Society is structured this way because it's how people naturally function. That's part of the reason we worry about people with disorders (such as autism, but there are others) that impair social functioning because they struggle with things that are more or less required to "succeed" in society.

I don't think the person intentionally made his eyes glaze over (I'm not entirely sure that's voluntary), maybe he didn't understand the question and was confused.

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Re: Why is Personality So Important? - November 4th 2015, 05:03 AM

Personality is important since its necessary for people to have social connections. Everyone, deep down- wants acceptance and connection to other people. Some people are more social than others and I used to not really take the time to get out and try to meet people. A lot of people find "small talk" to be extremely boring - but actually desire to make friends. Its not that introverted people don't want company, its that a lot of time , chit chat feels almost unnatural. Isolation is a need as well. People need time away from other people --but introverted people require less time with people and more time away from people--and this can be misconstrued as being a loner or wanting to be alone all the time.

Just try to write and ask questions in such a way that is socially acceptable- even if you aren't giving what you feel is your deep thoughts. Its usually more to your advantage anyways to not make a negative impression on people than it is to argue an academic point. If you really think about it- unless they are included in the curriculum and tested on -how much you know about academic topics on city development is of little significance to your life.

As for the people in your class- I think they are being a bit rude and inconsiderate. But just realize that people generally aren't tolerant of anything even slightly outside of the norm. Its very frustrating though. I have social anxiety and I can be a little quiet and standoffish. I'm also introverted and don't need as much socializing to feel happy. Some people can be very perceptive of that and quickly pick up on.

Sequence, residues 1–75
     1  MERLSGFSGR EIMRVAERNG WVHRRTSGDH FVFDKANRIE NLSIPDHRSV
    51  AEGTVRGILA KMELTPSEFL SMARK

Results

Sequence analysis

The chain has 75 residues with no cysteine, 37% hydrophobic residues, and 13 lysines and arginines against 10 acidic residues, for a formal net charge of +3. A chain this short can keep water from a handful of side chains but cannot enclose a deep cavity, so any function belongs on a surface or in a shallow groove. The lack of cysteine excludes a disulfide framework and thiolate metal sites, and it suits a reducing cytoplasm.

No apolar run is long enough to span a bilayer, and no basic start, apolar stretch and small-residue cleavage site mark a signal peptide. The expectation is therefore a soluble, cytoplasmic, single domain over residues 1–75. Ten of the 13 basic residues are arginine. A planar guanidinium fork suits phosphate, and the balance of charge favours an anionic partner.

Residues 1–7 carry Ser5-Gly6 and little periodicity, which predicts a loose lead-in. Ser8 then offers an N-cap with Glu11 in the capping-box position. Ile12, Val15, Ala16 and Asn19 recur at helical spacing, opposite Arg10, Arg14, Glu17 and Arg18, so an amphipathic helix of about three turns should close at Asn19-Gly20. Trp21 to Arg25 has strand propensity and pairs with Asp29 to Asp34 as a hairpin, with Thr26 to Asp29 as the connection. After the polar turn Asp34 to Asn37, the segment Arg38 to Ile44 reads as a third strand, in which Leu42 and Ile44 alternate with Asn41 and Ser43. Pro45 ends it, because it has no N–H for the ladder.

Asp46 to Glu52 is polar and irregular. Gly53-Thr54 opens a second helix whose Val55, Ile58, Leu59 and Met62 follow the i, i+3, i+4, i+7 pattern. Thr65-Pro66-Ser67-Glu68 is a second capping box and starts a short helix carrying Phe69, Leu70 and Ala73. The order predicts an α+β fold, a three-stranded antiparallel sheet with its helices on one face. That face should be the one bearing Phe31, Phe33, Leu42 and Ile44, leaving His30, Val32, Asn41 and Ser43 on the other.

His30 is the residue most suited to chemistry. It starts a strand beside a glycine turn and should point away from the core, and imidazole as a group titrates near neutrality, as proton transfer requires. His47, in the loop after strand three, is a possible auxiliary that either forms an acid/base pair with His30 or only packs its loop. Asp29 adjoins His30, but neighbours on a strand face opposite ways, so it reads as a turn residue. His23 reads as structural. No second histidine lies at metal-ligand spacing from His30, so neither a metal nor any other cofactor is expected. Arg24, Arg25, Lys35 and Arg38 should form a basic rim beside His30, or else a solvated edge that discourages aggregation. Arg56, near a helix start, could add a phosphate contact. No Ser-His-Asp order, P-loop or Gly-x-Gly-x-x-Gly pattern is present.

As for the anti-extremism thing- I wasn't an "extremist" or "shooter type" , but was didn't really socialize in college and never went to class. I'd be pretty offended too if someone reported me as some sort of freak for doing absolutely nothing but minding my own business.
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Re: Why is Personality So Important? - November 5th 2015, 11:47 PM

One: history.
Two: culture.

Way back in our evolutionary history, humans had to rely on each other to survive. If we hadn't lived in groups we'd have been pretty easy prey for the more advanced predators. But, luckily for us, our ancestors banded together, learned to work together, and managed to survive. And a lot of that has stayed with us. Most people crave human connection (to some degree, at least) and it's very common to form social attachments - with your family, your classmates, and later your colleagues. In most cases it's a basic need for humans to be happy and healthy: once food, water, and shelter are taken care of, the next priority is often companionship. It's so ingrained in us that most people don't even think about it.

It's also very much a part of our culture. When people reach adulthood they're expected to be socially competent, and to desire companionship - and they're cast in a bad light if they don't. But the thing is, everyone's different. Take dogs, for example. They're innately social too, but how many dogs have you met that preferred the company of humans to the company of their own species? (And vice versa, actually - I've met plenty of people who preferred some kind of animal to humans.) There's nothing wrong with them; they just have different interests to 'the norm'. Since culture and society are so based on bonds like this, people who don't conform to it come across as weird, rude, or even dangerous.

Like Katie said, I really hope those new government initiatives are focused on changes in personality. Someone who used to love a certain sport and who recently stopped turning up to training? Yeah, that's concerning. They could be involved in some kind of terrorism-related activity, but, more likely, they could be going through something and need help. But someone who prefers their own company and seems content with it? I see nothing wrong with that. As long as they're not being actively or unnecessarily rude to other people, they should be free to go about their business.

Remember that there's also a difference between people who don't want social interaction and people who aren't sure how to get it. In your case, you're fine because you're happy with your own company. But many people probably misinterpret is as uneasiness or shyness, and endeavour to bring you out of your comfort zone and help you get used to socialising - which, in your case, would be the least helpful thing you could do. Yet people persist because they believe that everyone has the same social needs, and what works for them should work for others. I get how frustrating that can be.

I feel like this is getting off-topic a bit, so I'll wrap it up now. My point is, don't worry about what people think. It's hard for gregarious people to understand introverts, and vice versa. But if what you're doing works for you, try not to get bent out of shape by people who think you should be more social or anything like that. We all have different needs, and people should really just mind their own business.